Range & Batteries
Which battery you get in the DS 9 really depends on which version you choose.
The soon-to-be-basic E-Tense 250 comes with a 15.6kWh* battery that’s good for 38 miles of zero-emission motoring before the petrol engine kicks in. Whereas the more powerful E-Tense 360 4x4 comes with a smaller 11.9kWh* battery that provides a 29-mile range.
Our test suggested such a range would be more or less achievable in the real world, although you’d have to drive very efficiently to manage it. However, on a mixture of roads, the range becomes a bit meaningless.
With the regenerative braking system topping the batteries up, drivers who use the electrical power at the most efficient moments will find the car running on battery power more than they might expect.
Performance & Drive
The DS 9 engine range is a little confusing, because the car was originally launched with a choice of two powertrains and both are set to be replaced. When the car was revealed, there was a 225hp, 1.6-litre petrol engine called the PureTech 225 and a 225hp plug-in hybrid called the E-Tense 225.
That was simple enough, but slow uptake of the petrol engine has given DS reason to axe it, trimming it from the foot of the DS 9 ladder.
At the same time, DS has decided to tweak the E-Tense 225, swapping it for the more powerful E-Tense 250 with, you guessed it, 250hp. It also gets better battery tech for greater range.
The E-Tense 250, therefore, will represent the new entry-level car. Like the E-Tense 225, it's powered by a 1.6-litre, four-cylinder petrol engine that works in unison with a lithium-ion battery and an electric motor.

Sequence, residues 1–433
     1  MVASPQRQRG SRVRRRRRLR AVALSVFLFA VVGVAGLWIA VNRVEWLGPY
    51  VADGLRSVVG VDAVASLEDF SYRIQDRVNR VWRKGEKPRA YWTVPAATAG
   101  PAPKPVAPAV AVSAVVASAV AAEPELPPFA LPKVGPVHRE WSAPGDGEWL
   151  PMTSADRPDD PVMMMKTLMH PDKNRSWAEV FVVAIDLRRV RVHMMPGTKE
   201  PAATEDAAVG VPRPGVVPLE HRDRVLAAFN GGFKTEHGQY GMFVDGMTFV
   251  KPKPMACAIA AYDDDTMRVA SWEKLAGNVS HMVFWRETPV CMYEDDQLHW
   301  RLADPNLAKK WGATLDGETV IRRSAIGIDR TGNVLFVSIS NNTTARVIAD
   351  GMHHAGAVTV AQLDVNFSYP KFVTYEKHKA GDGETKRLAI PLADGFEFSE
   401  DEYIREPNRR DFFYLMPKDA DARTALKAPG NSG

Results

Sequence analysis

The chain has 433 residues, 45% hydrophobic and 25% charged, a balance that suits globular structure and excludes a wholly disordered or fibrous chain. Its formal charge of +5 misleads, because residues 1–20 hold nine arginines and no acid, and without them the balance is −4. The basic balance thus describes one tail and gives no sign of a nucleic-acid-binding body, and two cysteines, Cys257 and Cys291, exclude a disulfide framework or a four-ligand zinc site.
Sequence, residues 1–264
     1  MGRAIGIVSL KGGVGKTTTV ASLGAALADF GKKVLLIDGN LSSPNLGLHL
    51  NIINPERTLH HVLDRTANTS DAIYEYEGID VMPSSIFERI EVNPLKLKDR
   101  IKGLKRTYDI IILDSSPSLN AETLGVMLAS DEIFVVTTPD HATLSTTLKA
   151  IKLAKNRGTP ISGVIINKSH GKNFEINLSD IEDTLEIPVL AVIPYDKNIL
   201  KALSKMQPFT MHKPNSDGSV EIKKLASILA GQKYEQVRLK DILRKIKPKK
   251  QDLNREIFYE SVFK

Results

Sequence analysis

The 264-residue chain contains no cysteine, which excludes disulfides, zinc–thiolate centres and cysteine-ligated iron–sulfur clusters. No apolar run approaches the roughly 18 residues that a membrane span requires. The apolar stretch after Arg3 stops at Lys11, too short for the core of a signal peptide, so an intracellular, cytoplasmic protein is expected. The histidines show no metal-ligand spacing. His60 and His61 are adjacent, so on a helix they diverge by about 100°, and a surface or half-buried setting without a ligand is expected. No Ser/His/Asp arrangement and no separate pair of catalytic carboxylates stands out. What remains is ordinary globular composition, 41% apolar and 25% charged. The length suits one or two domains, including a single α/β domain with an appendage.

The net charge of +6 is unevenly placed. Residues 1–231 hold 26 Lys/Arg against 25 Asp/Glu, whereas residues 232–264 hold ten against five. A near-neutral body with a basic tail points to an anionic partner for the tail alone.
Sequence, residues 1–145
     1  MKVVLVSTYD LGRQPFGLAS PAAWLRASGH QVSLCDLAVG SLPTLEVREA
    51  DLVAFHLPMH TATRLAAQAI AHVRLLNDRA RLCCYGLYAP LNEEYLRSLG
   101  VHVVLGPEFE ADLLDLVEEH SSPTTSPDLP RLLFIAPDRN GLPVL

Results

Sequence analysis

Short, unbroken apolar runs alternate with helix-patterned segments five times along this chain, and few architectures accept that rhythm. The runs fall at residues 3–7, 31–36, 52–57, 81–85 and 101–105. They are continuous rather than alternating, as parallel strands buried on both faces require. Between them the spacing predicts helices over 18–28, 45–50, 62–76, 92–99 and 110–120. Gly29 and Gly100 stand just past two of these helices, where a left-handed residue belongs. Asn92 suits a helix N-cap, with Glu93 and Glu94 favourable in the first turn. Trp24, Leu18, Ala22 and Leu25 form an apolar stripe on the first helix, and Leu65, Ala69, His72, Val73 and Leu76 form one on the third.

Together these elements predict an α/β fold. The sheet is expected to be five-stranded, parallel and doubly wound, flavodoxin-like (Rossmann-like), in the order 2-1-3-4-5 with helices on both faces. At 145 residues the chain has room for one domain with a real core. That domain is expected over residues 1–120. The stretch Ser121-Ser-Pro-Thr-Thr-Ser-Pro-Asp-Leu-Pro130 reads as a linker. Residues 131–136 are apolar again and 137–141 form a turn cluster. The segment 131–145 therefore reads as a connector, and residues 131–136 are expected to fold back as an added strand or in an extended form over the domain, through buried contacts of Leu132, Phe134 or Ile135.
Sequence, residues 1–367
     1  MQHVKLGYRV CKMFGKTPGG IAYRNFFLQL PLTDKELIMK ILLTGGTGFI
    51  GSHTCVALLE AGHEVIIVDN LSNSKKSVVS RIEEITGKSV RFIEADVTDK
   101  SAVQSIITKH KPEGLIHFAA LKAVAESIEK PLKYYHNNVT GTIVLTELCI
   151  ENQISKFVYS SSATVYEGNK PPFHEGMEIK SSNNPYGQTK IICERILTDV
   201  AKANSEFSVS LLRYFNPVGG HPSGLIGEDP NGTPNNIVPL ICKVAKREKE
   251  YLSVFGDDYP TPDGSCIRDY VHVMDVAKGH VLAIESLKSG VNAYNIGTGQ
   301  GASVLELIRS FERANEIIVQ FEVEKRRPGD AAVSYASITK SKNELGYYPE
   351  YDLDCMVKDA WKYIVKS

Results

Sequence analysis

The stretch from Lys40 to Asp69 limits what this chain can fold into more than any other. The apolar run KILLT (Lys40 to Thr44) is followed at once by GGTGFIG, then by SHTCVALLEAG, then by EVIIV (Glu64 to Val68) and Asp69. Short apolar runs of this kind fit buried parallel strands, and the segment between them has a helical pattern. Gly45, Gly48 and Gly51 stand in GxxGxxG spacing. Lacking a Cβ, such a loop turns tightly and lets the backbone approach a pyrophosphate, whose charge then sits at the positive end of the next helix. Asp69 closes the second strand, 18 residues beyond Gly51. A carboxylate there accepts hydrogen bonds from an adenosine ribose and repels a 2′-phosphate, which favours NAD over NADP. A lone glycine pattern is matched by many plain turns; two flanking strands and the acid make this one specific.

With both propulsion systems driving the front wheels through a six-speed automatic gearbox, it's capable of 0-62mph in a respectable 8.1 seconds.
Above that is the E-Tense 360 4x4, which essentially uses the E-Tense 250 powertrain (albeit with a smaller battery) and adds another electric motor to the mix. Positioned on the rear axle, the system provides the DS 9 with all-wheel drive and ups the power to 360hp, allowing a much faster 0-62mph time of 5.6 seconds.
And the E-Tense 360 4x4 isn’t just faster in a straight line. The more powerful model also comes with tuned suspension and uprated brakes, giving it a sportier edge. But even with those additions, comfort is still very much at the forefront of the 360’s design.
It handles slightly more keenly and it’s certainly faster than the E-Tense 250, but it doesn’t really reward you for flinging it through corners.
It’s more at home on a motorway, where the standard-fit Active Scan suspension (optional on the E-Tense 250) can observe the road ahead and tune the dampers accordingly. The system doesn’t work perfectly, but the DS 9 remains more comfortable than many of its rivals.